Despite these urgent needs, the Mission and humanitarian partners continue to face significant constraints on their operations, including regular instances in which personnel are denied freedom of movement, as well as other violations of the Mission’s Status of Forces Agreement with the Government. These incidents are regularly reported to the Council and to Government counterparts, he noted.
“It is of critical importance that the parties move ahead with the formation of the Transitional Government of National Unity,” Mr. Soumaré emphasized. “Nonetheless, we must remember that its formation is but the first of many inter-locking steps forward towards fully implementing the peace agreement.” Once the transitional government is formed, it will need to be empowered to operationalize the institutions of transition, the Special Representative also said.
“Only the full implementation of the peace agreement, with clear peace dividends for the people of South Sudan, will help bring stability to the country,” he concluded.
Also briefing the Council, Ivan Šimonović, Assistant Secretary-General for Human Rights, noted that the initial signing of the peace agreement in August had been met with optimism that the parties to the conflict would abide by their declaration of a permanent ceasefire and halt their attacks on the civilian population.
“However, the reconciliatory rhetoric propagated by Government and opposition actors has deflected from the fact that the parties to the conflict continue to attack, kill, abduct, rape, arbitrarily detain, and forcefully displace civilians, and pillage and destroy their property,” Mr. Šimonovic stressed.
Providing details of attacks on civilians since the signing of the peace agreement, the UN official lamented that new theatres of violence are emerging in areas such as the Equatorias, which had previously been little affected by direct hostilities. He also underscored that an increasing number of armed defence groups had emerged in response to the Government’s “highly militarized approach” to addressing insecurity.
“With the diffusion of armed conflict in all parts of the country, and the creation of local armed groups fighting against Government troops, South Sudan faces the risk of fragmentation and related human rights violations,” he said.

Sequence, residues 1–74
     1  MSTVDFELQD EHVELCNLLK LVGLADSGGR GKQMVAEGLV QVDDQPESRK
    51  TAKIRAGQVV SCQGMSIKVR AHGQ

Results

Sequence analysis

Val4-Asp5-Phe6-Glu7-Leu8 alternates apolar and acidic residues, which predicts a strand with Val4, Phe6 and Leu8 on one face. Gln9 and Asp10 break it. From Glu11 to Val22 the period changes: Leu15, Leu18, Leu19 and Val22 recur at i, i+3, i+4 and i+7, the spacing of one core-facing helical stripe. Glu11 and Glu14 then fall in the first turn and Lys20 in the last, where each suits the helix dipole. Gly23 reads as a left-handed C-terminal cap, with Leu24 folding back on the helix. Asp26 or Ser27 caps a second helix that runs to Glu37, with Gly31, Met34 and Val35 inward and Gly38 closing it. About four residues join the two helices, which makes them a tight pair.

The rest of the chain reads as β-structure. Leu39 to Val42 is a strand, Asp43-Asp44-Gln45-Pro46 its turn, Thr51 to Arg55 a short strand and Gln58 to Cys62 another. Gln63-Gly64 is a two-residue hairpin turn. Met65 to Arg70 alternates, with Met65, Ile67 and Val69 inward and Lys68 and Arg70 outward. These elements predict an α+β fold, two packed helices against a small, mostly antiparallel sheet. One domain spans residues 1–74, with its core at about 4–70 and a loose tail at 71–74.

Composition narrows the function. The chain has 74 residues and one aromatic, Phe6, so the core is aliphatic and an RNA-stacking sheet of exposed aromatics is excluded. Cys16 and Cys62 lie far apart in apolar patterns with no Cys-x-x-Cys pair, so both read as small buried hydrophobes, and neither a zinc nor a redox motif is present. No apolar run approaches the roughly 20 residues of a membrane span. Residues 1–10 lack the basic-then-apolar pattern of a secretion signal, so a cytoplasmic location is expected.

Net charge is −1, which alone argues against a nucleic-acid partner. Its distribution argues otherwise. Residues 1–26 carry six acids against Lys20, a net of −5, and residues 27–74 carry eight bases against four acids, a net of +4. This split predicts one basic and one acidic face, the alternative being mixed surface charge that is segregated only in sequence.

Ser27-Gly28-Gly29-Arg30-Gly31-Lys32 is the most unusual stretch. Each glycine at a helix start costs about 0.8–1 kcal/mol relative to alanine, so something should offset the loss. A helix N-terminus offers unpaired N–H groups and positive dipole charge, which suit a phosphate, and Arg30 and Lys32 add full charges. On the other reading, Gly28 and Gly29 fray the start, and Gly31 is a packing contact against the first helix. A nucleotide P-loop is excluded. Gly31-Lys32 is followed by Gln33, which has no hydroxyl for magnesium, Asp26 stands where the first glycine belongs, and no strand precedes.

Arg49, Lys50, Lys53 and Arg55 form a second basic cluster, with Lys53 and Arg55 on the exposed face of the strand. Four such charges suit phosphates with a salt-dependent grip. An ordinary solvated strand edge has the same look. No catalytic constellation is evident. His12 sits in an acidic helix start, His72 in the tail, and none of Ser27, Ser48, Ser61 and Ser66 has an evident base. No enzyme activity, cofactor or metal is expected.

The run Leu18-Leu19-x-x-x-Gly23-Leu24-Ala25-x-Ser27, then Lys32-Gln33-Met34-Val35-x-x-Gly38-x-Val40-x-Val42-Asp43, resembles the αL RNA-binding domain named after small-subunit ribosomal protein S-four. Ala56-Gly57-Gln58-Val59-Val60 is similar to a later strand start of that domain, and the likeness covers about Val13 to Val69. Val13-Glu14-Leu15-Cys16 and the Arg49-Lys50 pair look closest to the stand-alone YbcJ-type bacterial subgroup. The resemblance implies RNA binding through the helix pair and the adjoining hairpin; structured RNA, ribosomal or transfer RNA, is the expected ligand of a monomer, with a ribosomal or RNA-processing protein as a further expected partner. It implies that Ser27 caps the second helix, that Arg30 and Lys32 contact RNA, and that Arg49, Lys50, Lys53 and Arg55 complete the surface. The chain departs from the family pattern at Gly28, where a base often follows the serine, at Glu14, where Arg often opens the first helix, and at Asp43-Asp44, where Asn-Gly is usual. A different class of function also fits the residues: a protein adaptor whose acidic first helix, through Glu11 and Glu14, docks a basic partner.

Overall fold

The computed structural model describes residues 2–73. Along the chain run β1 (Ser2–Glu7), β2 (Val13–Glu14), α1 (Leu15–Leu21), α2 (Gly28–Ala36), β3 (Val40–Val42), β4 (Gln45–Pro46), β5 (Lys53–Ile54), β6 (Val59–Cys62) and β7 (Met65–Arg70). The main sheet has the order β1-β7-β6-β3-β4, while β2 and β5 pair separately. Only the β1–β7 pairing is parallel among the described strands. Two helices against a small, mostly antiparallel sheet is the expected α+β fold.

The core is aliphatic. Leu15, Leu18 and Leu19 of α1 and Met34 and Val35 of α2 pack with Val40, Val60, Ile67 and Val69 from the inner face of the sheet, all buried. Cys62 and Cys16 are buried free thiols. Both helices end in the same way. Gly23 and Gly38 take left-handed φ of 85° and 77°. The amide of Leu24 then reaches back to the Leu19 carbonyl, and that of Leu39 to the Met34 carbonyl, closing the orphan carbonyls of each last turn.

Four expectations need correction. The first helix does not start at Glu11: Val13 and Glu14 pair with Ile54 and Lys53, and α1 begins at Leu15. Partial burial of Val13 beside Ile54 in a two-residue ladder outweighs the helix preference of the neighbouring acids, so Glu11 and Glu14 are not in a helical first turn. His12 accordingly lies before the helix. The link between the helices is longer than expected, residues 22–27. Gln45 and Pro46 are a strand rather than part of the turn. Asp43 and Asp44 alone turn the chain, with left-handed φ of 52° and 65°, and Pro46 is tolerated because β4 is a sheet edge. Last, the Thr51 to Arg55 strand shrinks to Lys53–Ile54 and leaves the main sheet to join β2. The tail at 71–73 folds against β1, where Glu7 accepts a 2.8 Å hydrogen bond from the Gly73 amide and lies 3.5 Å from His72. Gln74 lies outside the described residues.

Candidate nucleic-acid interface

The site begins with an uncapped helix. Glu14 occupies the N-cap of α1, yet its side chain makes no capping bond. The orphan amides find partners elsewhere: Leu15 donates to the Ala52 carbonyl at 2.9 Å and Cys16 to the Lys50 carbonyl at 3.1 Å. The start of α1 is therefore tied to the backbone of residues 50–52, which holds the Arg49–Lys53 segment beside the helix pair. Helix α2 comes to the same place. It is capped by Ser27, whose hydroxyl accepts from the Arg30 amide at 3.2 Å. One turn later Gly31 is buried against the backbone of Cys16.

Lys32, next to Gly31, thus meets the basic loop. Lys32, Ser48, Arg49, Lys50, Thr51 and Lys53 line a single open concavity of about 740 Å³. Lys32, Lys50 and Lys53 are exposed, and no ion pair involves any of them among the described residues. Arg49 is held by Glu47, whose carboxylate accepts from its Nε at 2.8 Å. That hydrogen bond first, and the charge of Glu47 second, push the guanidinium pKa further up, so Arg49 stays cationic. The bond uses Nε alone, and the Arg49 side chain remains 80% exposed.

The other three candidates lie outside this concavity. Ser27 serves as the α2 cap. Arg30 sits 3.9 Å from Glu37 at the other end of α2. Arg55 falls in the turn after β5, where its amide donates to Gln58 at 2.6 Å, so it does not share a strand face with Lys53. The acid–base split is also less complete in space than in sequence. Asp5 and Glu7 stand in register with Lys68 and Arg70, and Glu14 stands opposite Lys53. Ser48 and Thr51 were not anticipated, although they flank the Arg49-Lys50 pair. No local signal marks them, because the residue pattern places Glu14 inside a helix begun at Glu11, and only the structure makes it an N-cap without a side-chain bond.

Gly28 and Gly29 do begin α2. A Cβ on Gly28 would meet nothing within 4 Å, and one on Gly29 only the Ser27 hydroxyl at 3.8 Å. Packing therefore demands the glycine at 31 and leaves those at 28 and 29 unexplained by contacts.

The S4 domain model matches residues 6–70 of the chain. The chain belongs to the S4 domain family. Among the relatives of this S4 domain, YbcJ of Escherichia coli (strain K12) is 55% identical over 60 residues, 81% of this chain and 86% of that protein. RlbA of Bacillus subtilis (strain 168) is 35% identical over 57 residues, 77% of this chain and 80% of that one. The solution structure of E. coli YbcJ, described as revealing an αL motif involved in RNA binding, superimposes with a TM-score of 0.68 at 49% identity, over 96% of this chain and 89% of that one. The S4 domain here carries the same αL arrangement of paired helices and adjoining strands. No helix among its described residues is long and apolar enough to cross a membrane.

While conflict-related violence remains a serious concern, Mr. Šimonović emphasized that human rights are under attack throughout the country. As UNMISS recently documented in a report, the space for freedom of expression and dissent has narrowed considerably, with various accounts of deliberately silencing dissenting voices including those of human rights defenders and journalists. However, Mr. Šimonović stressed, no action has been taken as of yet.
“Perpetrators of these violations have not been held accountable,” he said. “South Sudan has a long history of forgiveness and amnesties, even for the most serious crimes. To break this longstanding cycle of impunity, and to prevent future violations of international human rights law, we must ensure that the transitional justice mechanisms outlined in the peace agreement are implemented.”
Among his recommendations, Mr. Šimonović urged the parties to the conflict to immediately cease all violations of international and humanitarian law and human rights abuses, and implement the peace agreement “in letter and spirit in a timely manner.” He also urged the Security Council and regional leaders to continue engaging the parties to conflict in this regard.
“It cannot be tolerated that leaders make declarations in Juba, while the hostilities and attacks on the civilian population continue and intensify across the country. Not only is South Sudan on the verge of fragmenting, but the conflict seriously threatens stability in the entire region,” he said.
“The United Nations need to extend all necessary support to the African Union and the Transitional Government of National Unity, once established, to ensure that the cycle of impunity is broken and justice is served,” he concluded.